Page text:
Iran Hardliners Are Lining Up Behind The Bolton Plan to Leave the Deal

    Curt Mills

    Politics, North America

    Frank Gaffney of the Center for Security Policy testifies in front of the U.S. House Armed Services Committee about DP World's takeover of the operations of U.S. ports on Capitol Hill in Washington

    Frank Gaffney, the controversial counterterrorism analyst, and forty-four others have now endorsed a plan, written by John Bolton at the urging of Steve Bannon, to withdraw from the Iran Deal.

    Frank Gaffney, the controversial former Reagan official and counterterrorism analyst, has waded into the debate over the Iran nuclear deal, on Friday touting a signed letter with forty-four other foreign policy hardliners urging the president to withdraw from the “deeply flawed” agreement. Not much of a surprise from Gaffney, a critic of both “radical Islamic terrorism” and the religion itself (full disclosure: Gaffney has also repeatedly and falsely, as The National Interest editor Jacob Heilbrunn, among others, has shown, attacked Grover Norquist, a member of the board of the Center for the National Interest, as an agent of the Muslim Brotherhood). More notable is that Gaffney and his Center for Security Policy explicitly backed a plan in this letter for exiting the deal written by former UN Ambassador John Bolton. The National Interest reported earlier this month that Bolton wrote the plan at the suggestion of none other than former White House Chief Strategist Stephen K. Bannon.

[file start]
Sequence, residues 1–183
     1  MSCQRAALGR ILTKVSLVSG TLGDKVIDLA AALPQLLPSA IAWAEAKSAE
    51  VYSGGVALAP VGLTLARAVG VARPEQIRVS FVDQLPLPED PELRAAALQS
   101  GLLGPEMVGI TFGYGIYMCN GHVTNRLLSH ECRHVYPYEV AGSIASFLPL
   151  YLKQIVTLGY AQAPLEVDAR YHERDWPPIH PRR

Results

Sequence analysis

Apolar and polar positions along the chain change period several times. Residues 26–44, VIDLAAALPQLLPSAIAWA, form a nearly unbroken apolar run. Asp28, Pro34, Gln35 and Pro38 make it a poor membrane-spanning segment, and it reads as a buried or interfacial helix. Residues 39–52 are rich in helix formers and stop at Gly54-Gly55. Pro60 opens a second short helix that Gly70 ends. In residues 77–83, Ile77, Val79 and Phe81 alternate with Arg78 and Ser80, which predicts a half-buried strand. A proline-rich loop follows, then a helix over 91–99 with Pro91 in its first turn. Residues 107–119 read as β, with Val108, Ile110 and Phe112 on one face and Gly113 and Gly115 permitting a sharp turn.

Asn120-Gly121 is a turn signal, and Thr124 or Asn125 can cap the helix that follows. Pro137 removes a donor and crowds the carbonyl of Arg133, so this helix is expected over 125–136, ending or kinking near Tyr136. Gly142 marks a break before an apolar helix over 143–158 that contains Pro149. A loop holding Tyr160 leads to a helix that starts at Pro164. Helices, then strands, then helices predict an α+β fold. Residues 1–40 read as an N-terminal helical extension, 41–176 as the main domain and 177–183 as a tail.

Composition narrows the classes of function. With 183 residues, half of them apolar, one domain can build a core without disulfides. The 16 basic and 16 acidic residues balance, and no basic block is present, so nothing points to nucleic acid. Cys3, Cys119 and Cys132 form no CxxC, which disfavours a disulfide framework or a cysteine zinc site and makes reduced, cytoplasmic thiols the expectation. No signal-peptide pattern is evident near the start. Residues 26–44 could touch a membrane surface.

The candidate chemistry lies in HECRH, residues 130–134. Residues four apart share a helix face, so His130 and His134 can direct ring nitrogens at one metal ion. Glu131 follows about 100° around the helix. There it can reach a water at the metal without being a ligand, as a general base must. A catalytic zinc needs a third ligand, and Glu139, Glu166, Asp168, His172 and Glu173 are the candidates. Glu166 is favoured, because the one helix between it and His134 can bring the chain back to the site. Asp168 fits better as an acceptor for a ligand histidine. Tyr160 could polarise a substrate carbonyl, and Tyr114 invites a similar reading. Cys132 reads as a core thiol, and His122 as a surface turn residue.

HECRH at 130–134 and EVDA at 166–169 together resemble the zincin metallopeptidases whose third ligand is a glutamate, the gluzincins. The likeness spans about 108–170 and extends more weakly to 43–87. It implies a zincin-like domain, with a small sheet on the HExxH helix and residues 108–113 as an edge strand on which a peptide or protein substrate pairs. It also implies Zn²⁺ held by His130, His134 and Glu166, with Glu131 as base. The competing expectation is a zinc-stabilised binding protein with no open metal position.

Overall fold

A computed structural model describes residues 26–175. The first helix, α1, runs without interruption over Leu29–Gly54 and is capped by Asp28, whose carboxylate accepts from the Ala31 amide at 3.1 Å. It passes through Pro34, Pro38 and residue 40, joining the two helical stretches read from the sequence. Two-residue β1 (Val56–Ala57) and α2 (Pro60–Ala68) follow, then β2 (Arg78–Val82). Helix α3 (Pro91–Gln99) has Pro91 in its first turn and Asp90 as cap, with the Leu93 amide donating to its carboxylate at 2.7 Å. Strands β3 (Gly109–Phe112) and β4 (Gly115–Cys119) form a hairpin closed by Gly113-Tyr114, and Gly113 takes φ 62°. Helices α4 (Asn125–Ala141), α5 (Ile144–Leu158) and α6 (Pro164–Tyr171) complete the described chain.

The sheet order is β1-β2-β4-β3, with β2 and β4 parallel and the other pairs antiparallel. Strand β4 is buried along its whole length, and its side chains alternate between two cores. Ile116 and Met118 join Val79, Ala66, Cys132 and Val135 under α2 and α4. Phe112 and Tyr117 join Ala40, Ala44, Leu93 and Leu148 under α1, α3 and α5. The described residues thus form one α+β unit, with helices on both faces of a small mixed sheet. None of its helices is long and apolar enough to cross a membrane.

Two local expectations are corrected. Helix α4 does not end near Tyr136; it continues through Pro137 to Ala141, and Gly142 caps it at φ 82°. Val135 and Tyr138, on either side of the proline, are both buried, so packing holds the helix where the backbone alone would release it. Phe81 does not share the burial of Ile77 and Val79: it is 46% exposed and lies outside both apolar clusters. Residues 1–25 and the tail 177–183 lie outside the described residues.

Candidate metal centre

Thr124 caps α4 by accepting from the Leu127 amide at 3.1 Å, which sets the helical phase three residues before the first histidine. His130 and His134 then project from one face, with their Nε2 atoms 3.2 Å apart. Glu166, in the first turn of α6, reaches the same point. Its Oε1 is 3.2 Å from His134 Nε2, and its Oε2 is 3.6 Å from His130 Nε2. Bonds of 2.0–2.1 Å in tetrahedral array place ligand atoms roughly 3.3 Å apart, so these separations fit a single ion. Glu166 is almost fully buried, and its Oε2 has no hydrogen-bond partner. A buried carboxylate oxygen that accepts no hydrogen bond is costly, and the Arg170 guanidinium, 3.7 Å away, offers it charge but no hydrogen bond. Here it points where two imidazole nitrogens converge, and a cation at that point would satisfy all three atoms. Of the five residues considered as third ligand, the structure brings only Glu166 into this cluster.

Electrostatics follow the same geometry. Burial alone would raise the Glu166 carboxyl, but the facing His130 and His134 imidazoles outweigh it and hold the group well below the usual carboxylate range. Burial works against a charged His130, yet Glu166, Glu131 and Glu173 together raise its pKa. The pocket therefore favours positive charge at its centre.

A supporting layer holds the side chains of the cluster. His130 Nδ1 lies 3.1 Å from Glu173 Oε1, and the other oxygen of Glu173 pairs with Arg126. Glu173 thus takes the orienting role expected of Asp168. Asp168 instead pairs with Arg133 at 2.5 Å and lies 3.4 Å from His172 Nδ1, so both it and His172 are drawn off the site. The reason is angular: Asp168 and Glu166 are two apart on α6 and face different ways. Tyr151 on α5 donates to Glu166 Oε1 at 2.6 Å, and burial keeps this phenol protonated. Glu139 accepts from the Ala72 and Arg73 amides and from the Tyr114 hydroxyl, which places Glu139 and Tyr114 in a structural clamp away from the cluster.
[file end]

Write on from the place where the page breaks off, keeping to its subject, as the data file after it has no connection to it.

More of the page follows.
The plan is Bolton’s “alternative for POTUS that I requested,” Bannon told me earlier this month. “The signatories endorse Ambassador Bolton’s plan to implement this approach by withdrawing from the [nuclear deal] in coordination with America’s allies,” Gaffney and his co-signatories write. “The signers believe the Bolton plan is the best way to reverse the damage done by the reckless concessions that Obama officials made.” Not noted is that America’s allies, namely France, the United Kingdom and Germany, just spent last week trying to convince the American delegation in New York to stay in the deal.

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    The National Interest

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